Monday, April 1, 2019
Talking is still the best way to do business. Whether you’re a journalist, a judge or a hospitality provider, the most effective way to get at what you’re after is by speaking to someone, someone human. The Wall Street Journal recently reported on Japan’s Henn-na Hotel, staffed mostly by robots with AI, and its decision to lay off half its machines — turns out, there was just too much miscommunication.
Typed and automated communication has its place. After all, who of us hasn’t spent more time tapping out a long text message or email because, for some reason, it felt easier? That’s fine for a quick update, but business typically takes longer. For business sales, nothing beats a phone number — a customer’s and your own.
But if talking is still king, is talking on a desk phone over a POTS (industry-speak for “plain-old telephone system”) line still best?
Traditional copper telephone lines sound great even today, but increasingly businesses are choosing to put their voice lines onto their Internet network connection. Voice over Internet Protocol (VoIP) is, simply, the operability of a traditional telephone by way of Ethernet (or IP) technology which opens the door to all modern “communications” — telephony, video conferencing, email (text), mobility, even presence detection — relevant for today’s unified communications systems.
There’s not one reason more companies are picking business VoIP phone service. There are many.
It’s not surprising that sales experts consider a phone call a persuasive way to conduct business. A BIA/Kelsey study of small- and medium-sized businesses and sales found two in three offices rated phone calls an excellent source of sales leads, while just 44 percent thought the same of emails, and fewer still online “clicks.”
But don’t discount the power of accumulating “clicks,” especially when they may lead to calls. An Ipsos survey for Google found that more than six in 10 service seekers said “click to call” (a telephone number for a business that, on a touchscreen, can be touched to dial) is “most important” in the purchase phase of a search, and about half (47 percent) said the absence of a business phone number will likely spur them to skip over to a comparable competitor.
There are many benefits of voice over IP phone systems within the context of modern unified communications, but interconnectivity between voice and visual messaging (the Internet) is a leading one.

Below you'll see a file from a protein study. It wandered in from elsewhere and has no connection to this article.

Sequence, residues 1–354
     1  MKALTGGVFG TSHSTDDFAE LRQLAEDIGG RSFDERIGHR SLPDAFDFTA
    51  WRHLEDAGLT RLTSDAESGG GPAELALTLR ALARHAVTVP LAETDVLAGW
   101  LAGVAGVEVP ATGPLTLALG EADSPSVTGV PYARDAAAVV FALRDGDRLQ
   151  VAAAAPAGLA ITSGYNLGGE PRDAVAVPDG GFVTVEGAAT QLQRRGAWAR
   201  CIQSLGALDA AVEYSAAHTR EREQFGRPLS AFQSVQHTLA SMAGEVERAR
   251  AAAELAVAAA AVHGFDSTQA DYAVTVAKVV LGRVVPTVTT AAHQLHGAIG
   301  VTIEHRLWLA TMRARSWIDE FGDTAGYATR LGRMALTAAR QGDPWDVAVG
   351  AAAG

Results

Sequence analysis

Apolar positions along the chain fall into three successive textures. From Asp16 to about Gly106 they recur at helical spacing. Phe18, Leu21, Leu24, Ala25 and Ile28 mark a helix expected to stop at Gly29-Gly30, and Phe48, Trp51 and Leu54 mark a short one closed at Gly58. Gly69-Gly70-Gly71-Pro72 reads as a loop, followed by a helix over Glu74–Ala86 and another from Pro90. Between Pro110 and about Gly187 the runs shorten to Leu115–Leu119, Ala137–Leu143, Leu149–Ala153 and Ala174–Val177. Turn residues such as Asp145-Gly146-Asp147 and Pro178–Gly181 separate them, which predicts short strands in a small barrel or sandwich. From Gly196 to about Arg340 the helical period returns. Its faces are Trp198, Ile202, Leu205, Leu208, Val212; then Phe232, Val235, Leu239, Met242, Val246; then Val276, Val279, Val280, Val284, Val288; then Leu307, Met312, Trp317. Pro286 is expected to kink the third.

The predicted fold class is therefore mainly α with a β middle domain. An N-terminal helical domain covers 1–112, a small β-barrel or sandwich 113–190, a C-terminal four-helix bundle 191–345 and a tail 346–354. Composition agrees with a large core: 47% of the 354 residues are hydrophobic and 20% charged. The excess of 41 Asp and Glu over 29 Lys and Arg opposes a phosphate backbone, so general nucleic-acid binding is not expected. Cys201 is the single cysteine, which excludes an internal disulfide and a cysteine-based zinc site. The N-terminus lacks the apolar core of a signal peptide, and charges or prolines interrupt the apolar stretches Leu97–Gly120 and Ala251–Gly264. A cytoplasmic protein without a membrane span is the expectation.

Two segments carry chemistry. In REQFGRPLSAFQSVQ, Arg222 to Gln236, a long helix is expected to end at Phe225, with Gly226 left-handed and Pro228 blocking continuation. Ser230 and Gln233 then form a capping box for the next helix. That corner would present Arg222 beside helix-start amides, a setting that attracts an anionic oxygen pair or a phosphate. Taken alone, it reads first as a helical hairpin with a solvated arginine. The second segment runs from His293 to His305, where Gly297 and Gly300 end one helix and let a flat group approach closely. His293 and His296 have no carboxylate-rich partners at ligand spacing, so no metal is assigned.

The advent of VoIP accelerated along side advances in IP network infrastructure, the actual terrestrial broadband lines buried and strung all around us. Today, instead of going online by way of our telephone exchange — remember dial-up? — we’re carrying out a powerful new fiber network designed for our Internet that will connect us by voice and video.
Telephone lines are made of copper, while “cable” is also copper just twisted into coaxial line. Both can and did deliver data sufficiently for more than a generation, but their limits are being tested in the era of VoIP, streaming and the Internet of Things. Today, optical fiber lines deliver next-generation speeds measured in gigabits per second. (Long-promised 5G hasn’t delivered, and when it does, it will require fiber trunking.)
Though VoIP phones don’t consume much total bandwidth, they are uploading as much data as they are downloading. With a fiber connection, data rate provisioning from most U.S. Internet Service Providers is symmetrical; that is, consumers enjoy the same upload and download speeds.
The same is not true of copper line network connections. However, any broadband connection (the Federal Communication Commission’s definition of acceptable “broadband” begins at a download speed of 25 megabits per second, 3 Mbps upload) should support VoIP communications.
VoIP allows you to use your existing Internet service to make voice calls. Trust us, it will lead to a bigger unified communications evolution in your office, but let’s begin the advantages with, it costs less.
Most offices require an ample broadband connection, with or without telephone service. So why not use that broadband connection for voice communications — often reducing costs and opening the door to new features.
Other advantages of VoIP include the following:
Voice over IP phone systems’ consumption of landline phone market share will only continue at a disruptive pace. In 2010, there were 21 million U.S. subscribers to VoIP. The most recent data available from the FCC shows there are 64.5 million VoIP subscribers — more than local exchange telephone customers (54.7 million).
Business VoIP phone service will meet your expectations today and anticipate what gives you a competitive edge tomorrow. We’ve only begun to explain the advent of VoIP — your evolution to unified communications.
Want to make sure you tally all the considerations and choose the right VoIP solution? Download our free VoIP Buyer’s Guide.